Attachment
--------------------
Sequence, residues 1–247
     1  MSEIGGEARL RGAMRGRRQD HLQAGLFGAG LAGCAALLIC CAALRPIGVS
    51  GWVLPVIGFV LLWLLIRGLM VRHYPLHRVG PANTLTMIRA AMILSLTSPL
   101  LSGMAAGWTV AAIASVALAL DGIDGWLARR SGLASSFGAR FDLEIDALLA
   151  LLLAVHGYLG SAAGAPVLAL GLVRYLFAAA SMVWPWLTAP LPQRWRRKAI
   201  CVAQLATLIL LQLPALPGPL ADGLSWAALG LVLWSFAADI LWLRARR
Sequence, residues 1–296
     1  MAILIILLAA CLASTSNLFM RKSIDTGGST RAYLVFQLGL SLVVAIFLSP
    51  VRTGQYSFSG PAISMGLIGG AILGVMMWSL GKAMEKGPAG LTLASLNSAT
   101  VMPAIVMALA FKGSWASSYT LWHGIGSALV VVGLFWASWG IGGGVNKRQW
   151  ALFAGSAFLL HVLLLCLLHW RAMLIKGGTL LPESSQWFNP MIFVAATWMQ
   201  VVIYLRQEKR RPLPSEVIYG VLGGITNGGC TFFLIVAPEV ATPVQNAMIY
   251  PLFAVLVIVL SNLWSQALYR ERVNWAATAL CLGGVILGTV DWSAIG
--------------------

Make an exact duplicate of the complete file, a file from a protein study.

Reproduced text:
Sequence, residues 1–247
     1  MSEIGGEARL RGAMRGRRQD HLQAGLFGAG LAGCAALLIC CAALRPIGVS
    51  GWVLPVIGFV LLWLLIRGLM VRHYPLHRVG PANTLTMIRA AMILSLTSPL
   101  LSGMAAGWTV AAIASVALAL DGIDGWLARR SGLASSFGAR FDLEIDALLA
   151  LLLAVHGYLG SAAGAPVLAL GLVRYLFAAA SMVWPWLTAP LPQRWRRKAI
   201  CVAQLATLIL LQLPALPGPL ADGLSWAALG LVLWSFAADI LWLRARR
Sequence, residues 1–296
     1  MAILIILLAA CLASTSNLFM RKSIDTGGST RAYLVFQLGL SLVVAIFLSP
    51  VRTGQYSFSG PAISMGLIGG AILGVMMWSL GKAMEKGPAG LTLASLNSAT
   101  VMPAIVMALA FKGSWASSYT LWHGIGSALV VVGLFWASWG IGGGVNKRQW
   151  ALFAGSAFLL HVLLLCLLHW RAMLIKGGTL LPESSQWFNP MIFVAATWMQ
   201  VVIYLRQEKR RPLPSEVIYG VLGGITNGGC TFFLIVAPEV ATPVQNAMIY
   251  PLFAVLVIVL SNLWSQALYR ERVNWAATAL CLGGVILGTV DWSAIG